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October 8, 2012

Party lines divide state lawmakers on Romney

Last month’s Republican National Convention in Tampa, Fla., attempted to showcase the real Mitt Romney for American voters.

In Massachusetts, no such pomp and circumstance is needed.

Local politicians have a very clear picture already of the man who led the state from 2003 to 2007, and not surprisingly, opinions of the former governor change dramatically on party lines.

“He had fortitude and focus. He set his sights on goals and never wavered,” said Gloucester lawmaker Bruce Tarr, the Republican minority leader in the Massachusetts Senate.

“The man has no core, no foundation. There’s nothing to him but ambition, and he has enough money to carry out those ambitions,” said Rep. Ted Speliotis, a Democrat from Danvers.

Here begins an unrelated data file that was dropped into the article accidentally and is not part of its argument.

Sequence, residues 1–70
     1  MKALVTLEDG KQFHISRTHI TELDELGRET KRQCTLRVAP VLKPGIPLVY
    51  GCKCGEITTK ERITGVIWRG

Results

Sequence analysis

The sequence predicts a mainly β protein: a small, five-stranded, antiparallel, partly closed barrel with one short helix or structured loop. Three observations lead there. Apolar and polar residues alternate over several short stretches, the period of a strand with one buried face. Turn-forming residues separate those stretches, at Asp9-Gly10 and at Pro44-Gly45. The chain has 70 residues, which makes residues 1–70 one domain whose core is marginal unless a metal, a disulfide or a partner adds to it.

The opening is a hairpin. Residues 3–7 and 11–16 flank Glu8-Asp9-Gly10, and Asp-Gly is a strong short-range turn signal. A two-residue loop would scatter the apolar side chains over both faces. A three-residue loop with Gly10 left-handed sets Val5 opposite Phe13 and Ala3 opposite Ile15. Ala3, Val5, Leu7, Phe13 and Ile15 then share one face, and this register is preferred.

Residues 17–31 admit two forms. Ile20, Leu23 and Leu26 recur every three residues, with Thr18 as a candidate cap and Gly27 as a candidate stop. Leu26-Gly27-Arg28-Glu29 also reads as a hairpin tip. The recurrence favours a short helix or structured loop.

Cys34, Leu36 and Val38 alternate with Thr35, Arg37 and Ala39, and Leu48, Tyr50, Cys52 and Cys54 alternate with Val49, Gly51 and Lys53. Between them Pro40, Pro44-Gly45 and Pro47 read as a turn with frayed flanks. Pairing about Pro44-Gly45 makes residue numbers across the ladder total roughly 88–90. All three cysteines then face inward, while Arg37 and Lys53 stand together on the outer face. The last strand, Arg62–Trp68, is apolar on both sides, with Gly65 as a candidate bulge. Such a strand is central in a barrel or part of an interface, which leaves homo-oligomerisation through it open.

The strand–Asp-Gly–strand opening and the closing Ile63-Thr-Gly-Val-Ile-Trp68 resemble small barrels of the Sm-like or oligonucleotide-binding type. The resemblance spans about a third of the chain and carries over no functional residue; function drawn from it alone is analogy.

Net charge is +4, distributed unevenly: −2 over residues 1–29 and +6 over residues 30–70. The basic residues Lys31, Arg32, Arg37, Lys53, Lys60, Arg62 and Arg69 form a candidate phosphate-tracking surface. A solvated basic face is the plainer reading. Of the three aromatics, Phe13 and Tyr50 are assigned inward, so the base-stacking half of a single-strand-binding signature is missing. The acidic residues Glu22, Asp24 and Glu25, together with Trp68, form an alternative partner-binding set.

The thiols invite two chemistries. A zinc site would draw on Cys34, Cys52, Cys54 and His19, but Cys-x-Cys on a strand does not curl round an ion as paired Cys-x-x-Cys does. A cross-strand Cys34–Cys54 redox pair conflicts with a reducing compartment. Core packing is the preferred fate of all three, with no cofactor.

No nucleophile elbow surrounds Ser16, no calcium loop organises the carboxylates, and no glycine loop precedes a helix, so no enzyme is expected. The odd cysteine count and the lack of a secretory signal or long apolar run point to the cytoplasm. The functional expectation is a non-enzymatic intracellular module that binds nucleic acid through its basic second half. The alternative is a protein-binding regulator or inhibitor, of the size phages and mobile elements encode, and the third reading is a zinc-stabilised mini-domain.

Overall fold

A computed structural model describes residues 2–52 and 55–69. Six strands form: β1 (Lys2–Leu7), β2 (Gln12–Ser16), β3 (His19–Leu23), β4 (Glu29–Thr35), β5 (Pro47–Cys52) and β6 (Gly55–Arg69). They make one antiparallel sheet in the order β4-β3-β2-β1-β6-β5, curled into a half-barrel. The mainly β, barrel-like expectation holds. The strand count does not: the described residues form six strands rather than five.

Republican lawmakers speak of Romney as a tireless worker with strong convictions and a penchant for getting things done, despite inheriting a huge budget deficit and a Legislature controlled by Democrats.

Democrats contend the former governor was distant, disingenuous, and governed with one leg out the door and one eye on higher office.

“A lot of people like myself knew he was only visiting,” said Senate Majority Leader Fred Berry, the second-most powerful senator during the Romney era. “It was really obvious.”

On the budget

Upon taking office in 2003, Romney had to close a budget gap of between $1.7 billion to $3 billion, depending on whom you ask. To fix this, the governor slashed local aid and other spending, dramatically increased fees and closed tax loopholes, but notably did not raise taxes. The state soon had a budget surplus.

“We needed a true leader, someone who could partner with leadership on both sides and come up with a plan to guide us through the economic downturn. He did that,” said Rep. Brad Hill, the Ipswich Republican whose district includes the town of Manchester. “And he didn’t have the federal government bailing us out to the tune of billions of dollars.”

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